by Dr David Coast (Bath Spa University)
Want to liven up your conversation? Try adding some sixteenth-century proverbs to your repertoire:
Has something gone wrong? Say ‘the Bishop hath blessed it’.
Overcooked a pudding? Say ‘The Bishop hath put his foot in the pot’.
Someone getting above themselves? Call them a ‘pontifical fellow’.
Have a friend who wants to oppress the common people? Tut tut. Wag your finger at them and say ‘cut not the bough that thou standest upon’. That’ll learn ‘em.
These sayings were recorded by the renegade evangelical priest and Bible translator William Tyndale in his Obedience of a Christen Man (1528). The reason Tyndale included them in his book was to show that before the Henrician reformation even got going, there was already a popular groundswell of hostility to the clergy. Although the bishops tried to dupe and mislead the people, popular proverbs seemed to suggest that ordinary subjects were naturally suspicious of the clergy and perhaps even sympathised with Lutheran ideas like justification by faith alone. The people, in other words, were on Tyndale’s side – which was all very convenient.
Tyndale was in good company. The German reformer Andreas Karlstadt idealised simple peasants so much that he abandoned the University of Wittenberg to live among them. The attitude of some reformers is oddly reminiscent of the Russian populist movement of the nineteenth century, in which well-meaning intellectuals ‘went to the people’, fanning out into the countryside to rid peasants of their perceived false consciousness and educate them about socialism. The peasants responded by having them arrested.
Tyndale’s people not only opposed the pride and cruelty of the Bishops, they also had surprisingly sophisticated views about secular tyranny. According to Tyndale, the phrase ‘let the sea swell and rise as it will, yet hath God appointed how far it shall go’ was not simply a general ‘que sera’ observation about divine providence. Instead, it meant ‘tyrants shall not do what they would, but that only which God hath appointed them to do’. In other words, evil rulers might think they had freedom of manoeuvre, but in fact they were just fulfilling a divinely-ordained role in chastising God’s sinful people.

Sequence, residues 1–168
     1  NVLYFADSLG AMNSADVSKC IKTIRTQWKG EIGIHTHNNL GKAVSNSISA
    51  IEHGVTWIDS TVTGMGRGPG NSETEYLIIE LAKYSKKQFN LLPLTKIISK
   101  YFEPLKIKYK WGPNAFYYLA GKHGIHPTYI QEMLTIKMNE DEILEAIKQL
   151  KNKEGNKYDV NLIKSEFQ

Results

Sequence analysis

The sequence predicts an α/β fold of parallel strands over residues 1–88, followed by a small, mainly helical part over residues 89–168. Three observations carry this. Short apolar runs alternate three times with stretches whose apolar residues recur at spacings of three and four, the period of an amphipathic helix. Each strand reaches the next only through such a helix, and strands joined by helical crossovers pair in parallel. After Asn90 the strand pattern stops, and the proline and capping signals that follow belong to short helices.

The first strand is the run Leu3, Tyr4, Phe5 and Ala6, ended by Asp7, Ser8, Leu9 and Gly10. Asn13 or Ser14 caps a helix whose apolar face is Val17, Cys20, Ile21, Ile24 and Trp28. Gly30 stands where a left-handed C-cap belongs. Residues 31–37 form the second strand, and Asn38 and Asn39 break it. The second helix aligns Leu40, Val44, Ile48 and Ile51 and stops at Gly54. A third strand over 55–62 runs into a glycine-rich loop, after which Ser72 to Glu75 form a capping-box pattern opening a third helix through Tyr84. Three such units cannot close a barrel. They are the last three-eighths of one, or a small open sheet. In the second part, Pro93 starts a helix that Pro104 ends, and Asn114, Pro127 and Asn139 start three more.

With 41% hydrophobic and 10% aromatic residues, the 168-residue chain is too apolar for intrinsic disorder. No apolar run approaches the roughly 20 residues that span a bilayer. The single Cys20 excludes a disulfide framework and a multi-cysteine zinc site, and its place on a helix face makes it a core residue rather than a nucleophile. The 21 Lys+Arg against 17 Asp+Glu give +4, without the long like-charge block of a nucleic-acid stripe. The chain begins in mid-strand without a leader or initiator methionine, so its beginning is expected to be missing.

Were such sentiments regularly voiced down the local alehouse? Perhaps. Tyndale’s tendentious interpretation of popular sayings reminds us how difficult it is to reconstruct the authentic voices of ordinary people, given that the surviving evidence is almost always distorted by the prejudices and priorities of elite writers.
For me, what is interesting here is not whether ordinary people really did say these things (although this is an important question), but the fact that Tyndale was trying to enlist what we might loosely call public opinion on his side at all. An important strand of elite thought held that the people were ignorant, gullible, fickle and rebellious. However, as I argue in my recent article, ‘Speaking for the People in Early Modern England’ (Past & Present #244) a very different and more positive set of attitudes towards the people and the popular voice developed over the course of the sixteenth and early seventeenth centuries.
Tyndale died in 1536 (he was burnt at the stake). We will never know whether his belief in the basic hostility of the people to traditional religion, and their ability to comprehend the one true interpretation of the Bible, would have been dented by subsequent events. What would he have made, for instance, of the Pilgrimage of Grace, a conservative rebellion against religious reforms that fielded a larger army than any Tudor monarch managed to assemble in the entire sixteenth century? No doubt he would claim, as other reformers did, that the rebels had been led astray by the popish clergy. If so, it would be an early demonstration of what we might call the first law of public opinion: When it accords with my views, public opinion is an unanswerable authority. When it accords with your views, it is because the people are stupid or have been misled by lies and propaganda.